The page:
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Written by leading experts in the field and the original proposers and developers of the Interdependence Theory, this book offers authoritative coverage of a powerful new theory for understanding and predicting grain nucleation and growth in metallic systems and its industrial applications. The first book to describe the only grain nucleation and growth theory that can be applied to all metallic systems, from Al and Mg to Ti and beyond, this book offers a systematic approach, covering fundamentals, application of the theory to all major alloy types, case studies, new insights, and future perspectives.
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Ma Qian is an Associate Professor, and his areas of expertise include grain refinement of cast alloys by both chemical and physical means, heterogeneous nucleation, thermodynamics of materials, light alloy design (magnesium, aluminium, and titanium), and near-net shape manufacturing from powder or wire. He has published 5 book chapters, 84 refereed journal papers and 44 refereed conference papers and holds an international patent on grain refinement of magnesium alloys. He is ASM 2006 Henry Marion Howe Medal.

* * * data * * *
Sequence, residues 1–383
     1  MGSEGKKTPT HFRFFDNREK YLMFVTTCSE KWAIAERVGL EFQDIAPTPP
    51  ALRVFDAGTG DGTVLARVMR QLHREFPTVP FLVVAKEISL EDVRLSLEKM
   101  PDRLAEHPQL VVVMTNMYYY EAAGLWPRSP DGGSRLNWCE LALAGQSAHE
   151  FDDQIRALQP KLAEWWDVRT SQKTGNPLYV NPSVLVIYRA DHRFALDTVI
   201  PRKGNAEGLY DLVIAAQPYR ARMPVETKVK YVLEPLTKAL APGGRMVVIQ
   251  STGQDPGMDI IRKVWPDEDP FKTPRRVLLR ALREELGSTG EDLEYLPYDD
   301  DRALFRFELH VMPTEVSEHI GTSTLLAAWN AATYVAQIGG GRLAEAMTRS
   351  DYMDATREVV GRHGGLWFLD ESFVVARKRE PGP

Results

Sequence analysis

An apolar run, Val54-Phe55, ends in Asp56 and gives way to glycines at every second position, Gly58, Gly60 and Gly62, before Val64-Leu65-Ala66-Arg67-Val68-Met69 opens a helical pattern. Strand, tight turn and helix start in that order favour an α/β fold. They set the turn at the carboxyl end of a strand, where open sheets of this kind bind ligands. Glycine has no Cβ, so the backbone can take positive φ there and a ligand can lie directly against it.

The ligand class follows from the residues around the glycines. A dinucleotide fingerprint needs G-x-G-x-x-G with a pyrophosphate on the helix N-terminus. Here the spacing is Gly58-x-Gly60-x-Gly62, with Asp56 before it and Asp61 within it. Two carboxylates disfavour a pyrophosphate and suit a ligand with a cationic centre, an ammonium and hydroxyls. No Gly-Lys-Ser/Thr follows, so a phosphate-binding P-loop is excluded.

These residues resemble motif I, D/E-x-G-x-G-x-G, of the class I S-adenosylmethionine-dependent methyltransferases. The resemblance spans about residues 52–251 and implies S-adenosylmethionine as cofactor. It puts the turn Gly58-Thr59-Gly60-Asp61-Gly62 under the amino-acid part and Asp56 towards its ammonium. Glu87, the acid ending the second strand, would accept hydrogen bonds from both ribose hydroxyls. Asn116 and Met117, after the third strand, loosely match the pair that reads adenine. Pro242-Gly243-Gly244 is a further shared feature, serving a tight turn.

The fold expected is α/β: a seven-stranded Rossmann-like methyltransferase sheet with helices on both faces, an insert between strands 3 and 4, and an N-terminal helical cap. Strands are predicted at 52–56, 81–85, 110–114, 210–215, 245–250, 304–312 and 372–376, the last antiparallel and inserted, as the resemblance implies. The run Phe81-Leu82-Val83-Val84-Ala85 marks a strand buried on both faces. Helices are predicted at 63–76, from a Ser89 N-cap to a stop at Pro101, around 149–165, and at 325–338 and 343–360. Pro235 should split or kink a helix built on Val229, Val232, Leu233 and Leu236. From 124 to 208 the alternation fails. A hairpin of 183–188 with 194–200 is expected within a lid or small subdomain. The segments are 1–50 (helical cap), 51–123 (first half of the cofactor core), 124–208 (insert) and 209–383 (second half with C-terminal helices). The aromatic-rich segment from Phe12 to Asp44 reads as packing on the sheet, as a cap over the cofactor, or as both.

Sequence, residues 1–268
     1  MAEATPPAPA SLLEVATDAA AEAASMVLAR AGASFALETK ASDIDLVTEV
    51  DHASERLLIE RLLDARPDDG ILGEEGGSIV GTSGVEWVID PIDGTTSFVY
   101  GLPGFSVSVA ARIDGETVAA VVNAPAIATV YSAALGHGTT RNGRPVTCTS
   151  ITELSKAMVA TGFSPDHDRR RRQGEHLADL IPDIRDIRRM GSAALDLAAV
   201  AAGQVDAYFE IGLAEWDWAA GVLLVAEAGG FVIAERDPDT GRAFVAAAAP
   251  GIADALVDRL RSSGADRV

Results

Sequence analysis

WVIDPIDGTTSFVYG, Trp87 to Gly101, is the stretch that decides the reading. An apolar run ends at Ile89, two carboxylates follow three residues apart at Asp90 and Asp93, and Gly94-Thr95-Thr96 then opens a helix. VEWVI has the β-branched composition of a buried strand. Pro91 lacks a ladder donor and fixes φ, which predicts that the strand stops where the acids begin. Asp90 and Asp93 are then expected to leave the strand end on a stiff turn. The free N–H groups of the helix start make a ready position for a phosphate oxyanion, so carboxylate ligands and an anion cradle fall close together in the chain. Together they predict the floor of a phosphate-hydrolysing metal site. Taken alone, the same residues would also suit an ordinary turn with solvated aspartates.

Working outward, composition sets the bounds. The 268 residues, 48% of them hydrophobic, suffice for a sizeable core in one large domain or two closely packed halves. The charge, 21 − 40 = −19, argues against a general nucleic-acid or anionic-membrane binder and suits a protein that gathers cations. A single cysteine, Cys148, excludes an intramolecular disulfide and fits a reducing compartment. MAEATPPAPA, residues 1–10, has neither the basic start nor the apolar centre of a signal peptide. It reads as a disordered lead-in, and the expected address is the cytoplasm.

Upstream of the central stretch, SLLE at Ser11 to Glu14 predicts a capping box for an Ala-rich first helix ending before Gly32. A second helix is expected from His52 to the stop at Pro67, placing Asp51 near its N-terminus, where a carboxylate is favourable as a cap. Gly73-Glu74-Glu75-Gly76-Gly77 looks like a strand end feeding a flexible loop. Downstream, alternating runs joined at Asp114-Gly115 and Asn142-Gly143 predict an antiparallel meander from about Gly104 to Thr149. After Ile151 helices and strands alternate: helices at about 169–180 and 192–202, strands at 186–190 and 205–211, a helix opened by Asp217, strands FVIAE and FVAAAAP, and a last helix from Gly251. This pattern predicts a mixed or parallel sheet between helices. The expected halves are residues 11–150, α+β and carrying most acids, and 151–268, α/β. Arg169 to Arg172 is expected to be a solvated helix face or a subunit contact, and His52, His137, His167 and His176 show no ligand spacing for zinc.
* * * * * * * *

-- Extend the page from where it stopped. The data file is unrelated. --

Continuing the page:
Dr. Mark Easton is a Program Manager with the CAST Co-operative Research Centre based at Monash University. His management portfolio includes light metals development related to structural and powertrain applications of metals in automotive industry, property and quality control in continuous casting, and corrosion and surface protection. His research has focused on the development of microstructure and its effect on mechanical, creep and corrosion properties, particularly in aluminium and magnesium based alloys. He has contributed to 2 book chapters, 51 refereed papers and 37 conference papers. Dr. Easton has industrial experience as a Research Engineer at Comalco Research and Technical Services. He is recipient of the ASM 2006 Henry Marion Howe Medal and GKSS Magnesium Research Award.
Professor David StJohn is Director of the Centre for Advanced Materials Processing and Manufacturing at the University of Queensland. His areas of expertise include solidification and casting of light alloys; the science of peritectic solidification; the metallurgical factors controlling the development of casting defects; mechanisms of hot tearing of aluminium alloys; and the nucleation and refinement of grains in a range of alloys. He has published 300 papers in journals and conference proceedings with 88 papers on aspects of nucleation and grain refinement. He has achieved an H index of 25 with over 2,000 citations and is recipient of the ASM Henry Marion Howe Medal. StJohn has spent six years in industry and 16 years managing large cooperative research centres.
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